Another source of water was needed and the new proposal was "the engineer's best solution," he said. Two wells already exist and a third will be built. Wastewater disposal is handled through the Cold Brook Fire District.
This project needs to go through separate approvals that are also necessary for the Hermitage Club's master plan permit. But the work could be done before that permit is obtained because water could be considered necessary for skiing uses under the glebe land lease.
"I know you're having a tough time with your Act 250 application. I'm a bit frustrated that there's money owed to the CBFD as I understand," Select Board Vice Chairman John Gannon said. "It's unlikely that the Hermitage will pay its property taxes by Aug. 19. And nothing's been done on the Hermitage fire agreement."
Upon 50 percent of completion on the new hotel that's being proposed, the company is expected to provide funds for a new fire truck. But Gannon was not concerned about that part yet.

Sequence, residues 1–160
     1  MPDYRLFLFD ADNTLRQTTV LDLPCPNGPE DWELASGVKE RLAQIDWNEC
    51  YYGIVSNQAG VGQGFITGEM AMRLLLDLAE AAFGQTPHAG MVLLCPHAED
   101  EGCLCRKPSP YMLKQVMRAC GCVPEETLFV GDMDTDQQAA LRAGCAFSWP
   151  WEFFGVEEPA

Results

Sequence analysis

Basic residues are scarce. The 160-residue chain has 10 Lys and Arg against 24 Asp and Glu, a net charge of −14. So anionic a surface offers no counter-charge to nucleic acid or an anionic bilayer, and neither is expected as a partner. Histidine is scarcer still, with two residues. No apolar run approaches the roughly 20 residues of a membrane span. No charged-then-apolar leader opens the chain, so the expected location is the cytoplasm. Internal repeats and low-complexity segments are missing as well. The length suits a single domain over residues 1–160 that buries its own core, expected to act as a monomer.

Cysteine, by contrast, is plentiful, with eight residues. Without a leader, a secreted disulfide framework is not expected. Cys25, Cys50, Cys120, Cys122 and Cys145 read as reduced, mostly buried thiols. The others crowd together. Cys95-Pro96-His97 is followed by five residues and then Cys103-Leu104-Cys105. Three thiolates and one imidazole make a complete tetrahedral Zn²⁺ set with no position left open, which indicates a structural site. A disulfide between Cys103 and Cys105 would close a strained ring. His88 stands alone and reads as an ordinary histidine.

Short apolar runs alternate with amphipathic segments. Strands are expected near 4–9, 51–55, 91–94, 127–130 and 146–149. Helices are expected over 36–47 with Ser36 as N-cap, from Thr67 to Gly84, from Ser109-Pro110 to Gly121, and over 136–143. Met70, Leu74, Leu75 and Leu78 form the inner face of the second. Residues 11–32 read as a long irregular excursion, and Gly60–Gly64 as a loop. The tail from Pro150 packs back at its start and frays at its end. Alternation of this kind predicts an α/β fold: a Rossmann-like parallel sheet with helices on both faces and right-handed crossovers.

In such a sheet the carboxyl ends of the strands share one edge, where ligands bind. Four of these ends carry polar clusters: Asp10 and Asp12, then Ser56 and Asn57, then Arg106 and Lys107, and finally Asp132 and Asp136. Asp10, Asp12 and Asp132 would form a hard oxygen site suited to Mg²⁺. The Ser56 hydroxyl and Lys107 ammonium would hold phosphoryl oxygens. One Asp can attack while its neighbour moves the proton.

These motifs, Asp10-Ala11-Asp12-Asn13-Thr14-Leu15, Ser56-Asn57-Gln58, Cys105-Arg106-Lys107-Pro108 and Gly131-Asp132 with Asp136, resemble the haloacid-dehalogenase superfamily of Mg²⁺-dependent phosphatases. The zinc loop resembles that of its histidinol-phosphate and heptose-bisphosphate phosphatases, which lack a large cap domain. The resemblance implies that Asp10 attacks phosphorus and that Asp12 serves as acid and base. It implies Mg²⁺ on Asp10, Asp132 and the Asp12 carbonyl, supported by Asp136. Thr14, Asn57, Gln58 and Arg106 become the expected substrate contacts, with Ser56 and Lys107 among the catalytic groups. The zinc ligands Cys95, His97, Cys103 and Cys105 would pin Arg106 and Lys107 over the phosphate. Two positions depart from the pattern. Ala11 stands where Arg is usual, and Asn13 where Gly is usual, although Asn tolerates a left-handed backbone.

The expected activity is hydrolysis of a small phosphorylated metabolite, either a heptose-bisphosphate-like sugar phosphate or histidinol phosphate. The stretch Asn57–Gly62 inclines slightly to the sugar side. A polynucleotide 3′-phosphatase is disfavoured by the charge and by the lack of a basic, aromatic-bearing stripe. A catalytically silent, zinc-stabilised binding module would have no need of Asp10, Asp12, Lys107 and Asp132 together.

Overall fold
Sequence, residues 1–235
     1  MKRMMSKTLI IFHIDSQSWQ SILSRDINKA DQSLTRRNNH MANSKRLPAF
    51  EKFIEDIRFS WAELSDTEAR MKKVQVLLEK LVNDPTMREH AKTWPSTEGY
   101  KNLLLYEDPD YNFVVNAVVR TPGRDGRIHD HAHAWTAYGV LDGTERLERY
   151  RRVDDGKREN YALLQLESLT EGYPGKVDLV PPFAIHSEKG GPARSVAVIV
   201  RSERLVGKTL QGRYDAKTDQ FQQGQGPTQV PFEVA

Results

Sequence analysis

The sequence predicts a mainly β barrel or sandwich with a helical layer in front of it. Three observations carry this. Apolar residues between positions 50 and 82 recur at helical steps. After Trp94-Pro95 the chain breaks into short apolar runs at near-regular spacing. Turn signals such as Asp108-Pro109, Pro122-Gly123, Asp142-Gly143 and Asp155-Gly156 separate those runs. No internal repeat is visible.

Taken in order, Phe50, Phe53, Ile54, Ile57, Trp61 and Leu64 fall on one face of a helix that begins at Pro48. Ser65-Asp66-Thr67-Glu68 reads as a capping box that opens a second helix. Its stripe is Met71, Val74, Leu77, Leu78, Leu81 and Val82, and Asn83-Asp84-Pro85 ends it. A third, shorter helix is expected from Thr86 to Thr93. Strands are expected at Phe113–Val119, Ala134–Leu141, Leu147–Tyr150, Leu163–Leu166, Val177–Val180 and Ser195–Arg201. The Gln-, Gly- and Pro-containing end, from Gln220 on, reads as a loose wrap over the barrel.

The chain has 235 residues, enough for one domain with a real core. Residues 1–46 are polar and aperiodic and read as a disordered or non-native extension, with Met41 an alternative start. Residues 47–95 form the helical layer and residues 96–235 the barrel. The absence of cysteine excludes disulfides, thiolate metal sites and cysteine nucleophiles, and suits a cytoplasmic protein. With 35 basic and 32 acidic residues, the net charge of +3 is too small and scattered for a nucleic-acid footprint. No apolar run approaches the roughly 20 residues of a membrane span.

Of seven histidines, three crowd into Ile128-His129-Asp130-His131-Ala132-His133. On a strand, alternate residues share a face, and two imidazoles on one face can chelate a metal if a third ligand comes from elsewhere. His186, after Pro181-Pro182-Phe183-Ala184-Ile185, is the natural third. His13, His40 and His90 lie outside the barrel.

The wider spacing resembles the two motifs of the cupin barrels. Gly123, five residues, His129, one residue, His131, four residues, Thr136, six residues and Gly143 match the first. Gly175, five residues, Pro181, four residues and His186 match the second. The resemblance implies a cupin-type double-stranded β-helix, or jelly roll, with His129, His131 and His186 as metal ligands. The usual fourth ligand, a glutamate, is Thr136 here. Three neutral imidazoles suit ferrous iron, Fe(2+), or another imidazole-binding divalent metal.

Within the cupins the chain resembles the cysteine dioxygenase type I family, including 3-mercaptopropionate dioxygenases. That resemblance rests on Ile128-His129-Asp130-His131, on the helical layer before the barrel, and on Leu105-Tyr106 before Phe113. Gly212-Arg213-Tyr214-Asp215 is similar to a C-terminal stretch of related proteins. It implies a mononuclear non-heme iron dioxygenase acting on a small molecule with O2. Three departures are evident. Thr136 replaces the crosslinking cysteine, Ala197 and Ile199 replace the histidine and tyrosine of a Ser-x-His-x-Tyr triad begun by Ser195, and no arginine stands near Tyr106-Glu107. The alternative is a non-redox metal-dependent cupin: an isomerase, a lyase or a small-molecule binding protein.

Gannon accused the Hermitage Club of not acting as a good corporate citizen, saying the company has done nothing to identify potential new volunteers for the fire department. The agreement calls for the creation of incentives for joining as the department is in need of more members.
"I think so much of being the good corporate citizen depends on having our state permit processes work in an efficient manner. Maybe if you're elected," Fisher said to Gannon who's running for state representative, "you can take (that on)."
Fisher confirmed the debt with the fire district but said he did not know about the tax payment. So much of the fire agreement is "combined with the Act 250 process at this point that we've got to get that" permit and "then things will start flowing," he added.
"If you want to see the ski area opened or at least parts of it open then having the application to the state with regard to the water is a totally separate issue," Fisher said, later explaining that "the proposed findings with regard to the master plan are being filed. The state agencies are for the mountainside are for the most part — I don't want to put words entirely in their mouths — in agreement. That was the whole reason to sell the East Track and the airport."
Call Chris Mays at 802-254-2311, ext. 273.